Gardener's tales of Beatles filming at Chiswick House gardens 50 years ago

Gardener’s tales of Beatles filming at Chiswick House gardens 50 years ago

50 years since The Beatles filmed two ground breaking music videos in Chiswick House grounds. 

It was 50 years ago today … May 20th, 1966, that the four most famous people on the planet strolled into a public park in West London to create two ground-breaking mini films which were to change the course of music history. And Chiswick House and Gardens Trust have tracked down a young gardener who was there and helped by ferrying the band’s gear around.

The Beatles performed “Paperback Writer” and “Rain” in the iconic 18th century gardens of Chiswick House for promotional films that were the precursors of today’s ubiquitous music videos.

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Up until then the few music promos in circulation had been straightforward studio performances, shot in black and white. But the legendary British rock band led the way, as they had in their music, creating two cutting edge films, for the first time venturing into full colour, shot on location in the verdant surroundings of Chiswick House gardens.

“Paperback Writer” opens with close ups of the Fab Four, still sporting their iconic Beatles mop hair, sitting on a bench in front of the Conservatory and a flowering wisteria. It has to be said, they look a tad bored. Then, with customary Beatles creativity and humour, it cuts to a close up of the head of an antique statue, as if he were the 5th Beatle. The film moves inside what is now a Grade 1 listed glass house with a 200 year old camellia collection, before switching to them performing in the gardens surrounded by more antique stone figures, thought to depict Caesar, Pompey and Cicero. Ringo whimsically creates a daisy chain.

Although the “B” side was called “Rain”, the day of the shoot remained fine and they are shown playing under the dappled light of shrubs and trees in the Wilderness, a series of serpentine paths in the grounds’ woodland. The opening shot is of Ringo, in what is now a cherry orchard, walking away from a group of secondary school children pressed against a locked gate, trying to get a glimpse of the famous four. Some primary school children got luckier, and can be seen climbing a cedar tree whilst the Beatles sit on the low lying branches playing their guitars.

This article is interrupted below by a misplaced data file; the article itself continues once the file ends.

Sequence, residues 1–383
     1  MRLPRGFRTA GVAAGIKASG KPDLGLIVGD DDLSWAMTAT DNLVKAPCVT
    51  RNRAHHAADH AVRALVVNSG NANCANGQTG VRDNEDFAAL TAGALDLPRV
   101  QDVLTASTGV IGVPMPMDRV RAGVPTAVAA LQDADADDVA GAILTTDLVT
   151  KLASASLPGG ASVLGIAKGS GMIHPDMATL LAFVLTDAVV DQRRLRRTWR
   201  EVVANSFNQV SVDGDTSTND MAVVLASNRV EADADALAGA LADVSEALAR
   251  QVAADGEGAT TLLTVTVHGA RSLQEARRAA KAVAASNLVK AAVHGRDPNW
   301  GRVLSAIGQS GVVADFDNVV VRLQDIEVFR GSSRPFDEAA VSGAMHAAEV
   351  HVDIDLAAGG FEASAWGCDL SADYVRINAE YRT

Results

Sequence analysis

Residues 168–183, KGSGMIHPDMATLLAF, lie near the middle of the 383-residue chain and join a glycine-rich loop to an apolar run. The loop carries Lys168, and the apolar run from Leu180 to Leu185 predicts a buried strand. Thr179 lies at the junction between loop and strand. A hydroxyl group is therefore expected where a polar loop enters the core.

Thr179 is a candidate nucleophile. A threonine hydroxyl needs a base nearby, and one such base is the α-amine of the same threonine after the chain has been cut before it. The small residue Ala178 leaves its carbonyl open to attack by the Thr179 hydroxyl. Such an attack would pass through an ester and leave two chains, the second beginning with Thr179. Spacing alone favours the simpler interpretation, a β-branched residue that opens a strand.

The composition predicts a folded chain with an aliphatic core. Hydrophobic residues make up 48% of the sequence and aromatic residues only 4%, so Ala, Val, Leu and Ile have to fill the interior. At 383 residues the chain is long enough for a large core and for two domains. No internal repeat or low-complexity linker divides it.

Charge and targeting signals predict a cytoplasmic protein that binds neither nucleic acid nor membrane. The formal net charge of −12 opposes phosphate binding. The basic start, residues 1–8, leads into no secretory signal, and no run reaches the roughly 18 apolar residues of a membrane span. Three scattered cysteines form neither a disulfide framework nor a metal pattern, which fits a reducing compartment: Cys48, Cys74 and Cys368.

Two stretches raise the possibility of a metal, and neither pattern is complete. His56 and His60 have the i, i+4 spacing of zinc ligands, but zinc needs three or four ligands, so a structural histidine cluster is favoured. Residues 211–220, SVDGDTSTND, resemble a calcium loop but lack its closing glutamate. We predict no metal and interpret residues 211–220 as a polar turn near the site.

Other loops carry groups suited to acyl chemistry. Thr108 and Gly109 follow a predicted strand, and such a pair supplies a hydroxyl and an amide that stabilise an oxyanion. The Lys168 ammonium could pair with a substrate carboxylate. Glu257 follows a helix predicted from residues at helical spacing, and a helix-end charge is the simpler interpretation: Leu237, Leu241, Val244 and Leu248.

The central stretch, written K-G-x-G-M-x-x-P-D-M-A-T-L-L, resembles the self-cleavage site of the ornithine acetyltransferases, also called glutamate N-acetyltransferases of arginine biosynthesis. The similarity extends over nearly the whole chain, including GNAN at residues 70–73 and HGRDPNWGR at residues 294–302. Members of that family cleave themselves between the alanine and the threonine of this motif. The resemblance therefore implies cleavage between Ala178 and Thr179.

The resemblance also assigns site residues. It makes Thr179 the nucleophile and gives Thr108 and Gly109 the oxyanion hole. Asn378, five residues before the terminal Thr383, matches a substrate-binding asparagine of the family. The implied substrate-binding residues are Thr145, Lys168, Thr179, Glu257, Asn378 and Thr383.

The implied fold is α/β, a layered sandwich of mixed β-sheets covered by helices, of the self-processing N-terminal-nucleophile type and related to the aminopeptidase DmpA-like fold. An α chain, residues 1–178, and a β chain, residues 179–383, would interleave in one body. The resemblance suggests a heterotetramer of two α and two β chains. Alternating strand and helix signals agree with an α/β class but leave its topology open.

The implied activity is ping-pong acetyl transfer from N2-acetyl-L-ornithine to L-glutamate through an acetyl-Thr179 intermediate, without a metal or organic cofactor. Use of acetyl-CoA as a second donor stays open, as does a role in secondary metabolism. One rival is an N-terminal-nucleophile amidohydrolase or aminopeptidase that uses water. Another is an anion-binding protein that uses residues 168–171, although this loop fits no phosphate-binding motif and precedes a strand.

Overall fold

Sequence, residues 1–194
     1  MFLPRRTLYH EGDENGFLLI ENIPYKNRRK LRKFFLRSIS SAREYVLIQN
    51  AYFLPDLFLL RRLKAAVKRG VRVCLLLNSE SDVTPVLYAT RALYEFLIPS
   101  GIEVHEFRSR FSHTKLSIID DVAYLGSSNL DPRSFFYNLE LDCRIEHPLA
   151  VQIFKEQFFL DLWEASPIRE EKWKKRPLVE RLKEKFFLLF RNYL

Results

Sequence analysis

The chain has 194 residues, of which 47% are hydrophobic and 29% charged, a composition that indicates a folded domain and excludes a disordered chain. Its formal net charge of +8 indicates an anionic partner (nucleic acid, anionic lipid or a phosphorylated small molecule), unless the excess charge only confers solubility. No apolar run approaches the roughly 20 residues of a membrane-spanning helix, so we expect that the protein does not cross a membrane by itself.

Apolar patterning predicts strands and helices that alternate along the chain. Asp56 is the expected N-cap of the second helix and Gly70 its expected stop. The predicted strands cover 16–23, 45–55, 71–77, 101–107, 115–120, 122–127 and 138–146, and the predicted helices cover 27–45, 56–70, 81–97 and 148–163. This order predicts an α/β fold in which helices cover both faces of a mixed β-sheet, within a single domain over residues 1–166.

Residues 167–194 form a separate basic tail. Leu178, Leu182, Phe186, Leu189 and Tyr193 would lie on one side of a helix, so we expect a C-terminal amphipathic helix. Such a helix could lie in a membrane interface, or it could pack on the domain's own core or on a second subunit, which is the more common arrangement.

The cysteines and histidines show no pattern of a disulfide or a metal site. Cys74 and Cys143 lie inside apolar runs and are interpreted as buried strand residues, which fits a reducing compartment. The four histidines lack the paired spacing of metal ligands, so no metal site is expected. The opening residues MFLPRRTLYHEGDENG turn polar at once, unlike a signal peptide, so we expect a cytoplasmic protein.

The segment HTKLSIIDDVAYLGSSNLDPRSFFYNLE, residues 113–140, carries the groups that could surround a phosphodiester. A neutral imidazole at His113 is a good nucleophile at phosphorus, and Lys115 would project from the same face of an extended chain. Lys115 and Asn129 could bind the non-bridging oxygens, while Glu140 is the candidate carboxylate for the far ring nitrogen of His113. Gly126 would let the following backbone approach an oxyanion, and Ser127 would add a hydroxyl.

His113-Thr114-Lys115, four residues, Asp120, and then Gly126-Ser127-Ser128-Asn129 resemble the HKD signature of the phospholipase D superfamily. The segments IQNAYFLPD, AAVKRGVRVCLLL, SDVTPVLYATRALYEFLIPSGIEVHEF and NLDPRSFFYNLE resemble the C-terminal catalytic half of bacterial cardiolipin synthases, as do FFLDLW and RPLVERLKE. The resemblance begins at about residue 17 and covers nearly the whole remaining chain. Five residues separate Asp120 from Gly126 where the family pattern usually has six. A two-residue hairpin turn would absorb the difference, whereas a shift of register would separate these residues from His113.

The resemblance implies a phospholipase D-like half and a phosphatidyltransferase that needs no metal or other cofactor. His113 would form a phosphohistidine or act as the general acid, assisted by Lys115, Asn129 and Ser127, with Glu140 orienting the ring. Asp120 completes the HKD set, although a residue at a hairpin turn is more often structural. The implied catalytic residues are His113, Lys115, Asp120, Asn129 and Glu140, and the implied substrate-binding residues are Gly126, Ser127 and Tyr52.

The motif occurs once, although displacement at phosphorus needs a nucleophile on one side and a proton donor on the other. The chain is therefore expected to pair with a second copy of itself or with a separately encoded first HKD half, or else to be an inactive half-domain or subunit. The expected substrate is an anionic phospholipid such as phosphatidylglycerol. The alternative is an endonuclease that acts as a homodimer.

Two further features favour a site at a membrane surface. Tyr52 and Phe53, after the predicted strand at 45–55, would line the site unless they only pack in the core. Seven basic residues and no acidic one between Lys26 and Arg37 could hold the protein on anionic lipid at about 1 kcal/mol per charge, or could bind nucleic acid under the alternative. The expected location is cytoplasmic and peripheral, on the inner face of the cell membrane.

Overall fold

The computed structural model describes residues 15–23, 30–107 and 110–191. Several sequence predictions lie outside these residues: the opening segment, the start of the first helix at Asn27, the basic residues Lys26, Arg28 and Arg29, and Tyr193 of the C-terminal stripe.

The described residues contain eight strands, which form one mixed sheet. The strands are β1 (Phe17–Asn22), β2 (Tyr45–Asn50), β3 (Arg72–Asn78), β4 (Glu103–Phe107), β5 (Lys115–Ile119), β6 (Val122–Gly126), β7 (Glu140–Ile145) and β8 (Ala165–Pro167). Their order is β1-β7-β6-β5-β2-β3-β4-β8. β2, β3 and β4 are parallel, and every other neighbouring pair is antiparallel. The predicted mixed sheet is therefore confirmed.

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Photos by Lucinda MacPherson. John Kenton taken at Chiswick House conservatory, March 2016.

John Kenton was an 18 year old gardener, working at Chiswick House in 1966. He was given the job of ferrying the band’s equipment round all day on a truck usually used for moving earth.

“It was very exciting. Quite an exceptional thing – the band were at the height of their fame. Just making films was unusual and most films were made in studios, not outside like this. They got there early in the morning and spent all day doing phrases and retakes as the technology was not so sophisticated in those days.

I remember they spent a lot of time between takes in the old 50’s caff. They all smoked constantly and looked very at home. Although other members of the public came in and were around when the filming took place they were very polite and left the band alone.

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But then the word got out, so the dribble of people visiting the park became a flood. Pupils from the school over the road came, so the band took refuge in the potting sheds at the back of the Conservatory where the peacocks were kept.

My fondest memory is of John Lennon asking if he could ride my bike – it was a Moulton – then a modern bicycle and he had never ridden on one before. The other three stood watching and ribbing him as he cycled around the walled garden.”

Although the Beatles are long gone, fans and film aficionados still make the pilgrimage to the 65 acre heritage estate, cared for by the Chiswick House & Gardens Trust. It looks significantly better than it did, thanks to a major £12 million restoration in 2010 and is a popular setting for weddings, film and fashion shoots. There is a popular annual Camellia Show in February and March in the conservatory where a lot of the filming took place.

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You too can follow in the footsteps of the Fab Four, free of charge, visiting the Exedra, the Wilderness, conservatory and walled garden and “Get Back” to where the Beatles made music history half a century ago.

Chiswick House, London, W4 2QN

Free public gardens open 7am – dusk daily

Conservatory opening times daily 10am – 4pm

Summer Sessions live music in the Gardens June 15th-19th

Group bookings, guided tours and information on admission prices for Chiswick House: 

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Steve Ott
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